A root parasite mainly of Galium mollugo and G. verum, probably perennial and sometimes long-lived. It occurs in stabilised dune grassland, and in scrub and hedge banks on chalk downs and undercliffs. Most populations are small, but some of those on dunes are of a considerable size.
This species mainly parasitises Galium mollugo and G. verum. It is perennial, and once established, may be long-lived. It flowers in June and July, with flowers at the start of anthesis being noticeably clove-scented. Most flowers produce seed, indicating good pollination. It appears to be an outbreeding species, as isolated single inflorescences or multiple inflorescences from the same clone do not set seed, suggesting a high degree of self-incompatibility. A range of insects including bumble-bees, wasps and stiletto flies have been recorded visiting the flowers and all are likely pollinators. The plant is also able to reproduce vegetatively.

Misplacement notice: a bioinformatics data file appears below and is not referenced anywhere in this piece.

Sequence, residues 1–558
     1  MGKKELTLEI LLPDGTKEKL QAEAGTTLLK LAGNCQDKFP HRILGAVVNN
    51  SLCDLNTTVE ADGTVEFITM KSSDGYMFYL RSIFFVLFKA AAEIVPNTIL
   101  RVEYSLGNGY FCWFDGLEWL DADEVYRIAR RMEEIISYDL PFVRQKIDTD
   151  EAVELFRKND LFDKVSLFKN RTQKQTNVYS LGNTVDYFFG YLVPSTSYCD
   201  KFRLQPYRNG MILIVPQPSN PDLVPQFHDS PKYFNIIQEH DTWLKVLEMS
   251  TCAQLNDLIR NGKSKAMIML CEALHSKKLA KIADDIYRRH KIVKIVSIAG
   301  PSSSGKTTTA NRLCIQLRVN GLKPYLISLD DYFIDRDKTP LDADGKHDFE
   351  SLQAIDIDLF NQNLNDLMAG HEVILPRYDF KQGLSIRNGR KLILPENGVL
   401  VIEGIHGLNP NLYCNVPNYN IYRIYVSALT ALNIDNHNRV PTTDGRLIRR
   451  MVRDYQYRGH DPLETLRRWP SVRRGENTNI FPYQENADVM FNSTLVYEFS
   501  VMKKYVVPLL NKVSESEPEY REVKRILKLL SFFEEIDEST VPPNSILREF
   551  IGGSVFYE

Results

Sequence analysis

O. caryophyllacea has a widespread distribution in central Europe, extending eastwards to Poland, Latvia, the Caucasus and Iran, southwards to North Africa and northwards to Sweden and perhaps Norway. It is difficult to explain its limited British distribution, since its occurrence in the northern Alps and Scandinavia suggests that its range is not limited by a cooler climate. It can be invasive in the United States.
This plant might be poisonous
How to get rid of:
If your weeds regrow, then you have a persistent root that you need to dig out. Use a spade or digging fork to dig up persistent weeds by the roots. Remove as many root pieces as you can.
While weeding, hold the trowel vertically (like a child holding a crayon) to eliminate strain on your wrist.